May 13, 2012 –
Bioengineering Associate Professor Seung-Wuk Lee has pioneered a new technique to generate electricity from viruses, featured in today’s advance online publication of Nature Nanotechnology.
Lee and colleagues at the Lawrence Berkeley National Laboratory have developed a way to convert the mechanical energy of harmless viruses into electrical energy. The scientists tested their findings by coating an area the size of a postage stamp with engineered viruses. When the sample is tapped, the viruses convert the force of the tap into enough electricity to power a small liquid-crystal display.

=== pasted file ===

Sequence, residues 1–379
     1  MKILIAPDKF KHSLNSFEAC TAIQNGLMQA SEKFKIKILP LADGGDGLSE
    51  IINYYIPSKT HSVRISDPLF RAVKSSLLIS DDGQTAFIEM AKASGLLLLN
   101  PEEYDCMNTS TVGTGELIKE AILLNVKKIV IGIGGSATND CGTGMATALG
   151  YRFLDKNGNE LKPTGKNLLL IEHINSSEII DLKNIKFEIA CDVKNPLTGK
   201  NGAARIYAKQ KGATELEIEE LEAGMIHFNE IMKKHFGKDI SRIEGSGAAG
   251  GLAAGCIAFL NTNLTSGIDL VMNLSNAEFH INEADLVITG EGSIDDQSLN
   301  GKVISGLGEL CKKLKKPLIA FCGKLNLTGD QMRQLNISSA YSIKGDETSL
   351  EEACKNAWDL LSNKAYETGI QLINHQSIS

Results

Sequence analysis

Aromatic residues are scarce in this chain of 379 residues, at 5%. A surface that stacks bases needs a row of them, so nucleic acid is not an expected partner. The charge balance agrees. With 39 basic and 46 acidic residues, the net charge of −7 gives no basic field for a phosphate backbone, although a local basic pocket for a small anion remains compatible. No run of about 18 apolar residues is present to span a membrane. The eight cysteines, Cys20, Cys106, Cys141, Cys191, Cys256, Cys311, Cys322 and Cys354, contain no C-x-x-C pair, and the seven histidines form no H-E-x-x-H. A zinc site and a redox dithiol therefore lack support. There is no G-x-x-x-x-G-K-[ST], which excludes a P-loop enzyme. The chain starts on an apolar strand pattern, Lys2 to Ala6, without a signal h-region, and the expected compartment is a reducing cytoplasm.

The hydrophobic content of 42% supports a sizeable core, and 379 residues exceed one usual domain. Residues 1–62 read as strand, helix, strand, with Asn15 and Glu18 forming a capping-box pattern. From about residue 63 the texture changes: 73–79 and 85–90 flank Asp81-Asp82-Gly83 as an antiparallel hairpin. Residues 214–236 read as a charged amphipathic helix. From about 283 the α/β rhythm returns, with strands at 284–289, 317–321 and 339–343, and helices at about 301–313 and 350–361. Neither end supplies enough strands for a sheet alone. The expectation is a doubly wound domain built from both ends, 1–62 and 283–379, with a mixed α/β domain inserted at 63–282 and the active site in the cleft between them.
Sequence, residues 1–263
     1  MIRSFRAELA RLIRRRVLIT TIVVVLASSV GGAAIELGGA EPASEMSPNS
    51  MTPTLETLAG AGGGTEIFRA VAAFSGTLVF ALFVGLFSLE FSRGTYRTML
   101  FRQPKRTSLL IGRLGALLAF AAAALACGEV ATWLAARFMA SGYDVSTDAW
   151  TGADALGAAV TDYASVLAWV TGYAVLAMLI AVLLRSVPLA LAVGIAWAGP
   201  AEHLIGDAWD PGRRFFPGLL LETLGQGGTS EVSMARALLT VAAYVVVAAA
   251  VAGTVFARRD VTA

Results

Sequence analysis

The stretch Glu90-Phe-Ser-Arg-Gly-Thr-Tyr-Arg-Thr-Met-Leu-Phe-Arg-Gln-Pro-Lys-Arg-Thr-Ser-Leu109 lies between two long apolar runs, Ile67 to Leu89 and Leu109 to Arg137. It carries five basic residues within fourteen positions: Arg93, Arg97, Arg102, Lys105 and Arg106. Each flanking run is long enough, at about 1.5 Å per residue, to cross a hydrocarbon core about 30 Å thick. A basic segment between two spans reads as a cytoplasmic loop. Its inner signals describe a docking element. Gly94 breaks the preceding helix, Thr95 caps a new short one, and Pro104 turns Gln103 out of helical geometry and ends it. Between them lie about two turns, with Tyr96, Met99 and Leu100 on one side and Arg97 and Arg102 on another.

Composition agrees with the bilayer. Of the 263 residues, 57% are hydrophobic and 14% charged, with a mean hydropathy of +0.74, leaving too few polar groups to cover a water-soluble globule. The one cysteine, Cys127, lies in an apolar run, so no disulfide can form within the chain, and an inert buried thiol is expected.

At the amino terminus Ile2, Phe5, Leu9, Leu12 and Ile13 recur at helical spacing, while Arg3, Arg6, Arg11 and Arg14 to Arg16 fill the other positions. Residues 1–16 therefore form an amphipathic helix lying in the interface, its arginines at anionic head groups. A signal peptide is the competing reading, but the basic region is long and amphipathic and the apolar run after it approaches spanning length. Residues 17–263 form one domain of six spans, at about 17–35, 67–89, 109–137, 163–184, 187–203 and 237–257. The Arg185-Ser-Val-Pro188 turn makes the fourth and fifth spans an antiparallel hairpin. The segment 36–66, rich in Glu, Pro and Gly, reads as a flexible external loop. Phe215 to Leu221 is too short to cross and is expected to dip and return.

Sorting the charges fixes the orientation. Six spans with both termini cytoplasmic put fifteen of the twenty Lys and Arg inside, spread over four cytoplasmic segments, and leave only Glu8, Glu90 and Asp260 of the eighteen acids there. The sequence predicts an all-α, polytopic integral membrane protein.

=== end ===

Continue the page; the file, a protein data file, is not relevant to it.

This milestone could lead to tiny devices that harness power from the vibrations of every day life–even from the impact of shoes hitting the concrete, allowing us all to generate electricity as we walk.
The research harnesses the piezoelectric properties of biological materials, and builds on Lee’s extensive experience using the M13 bacteriophage as a building block for nanoscale engineering advances.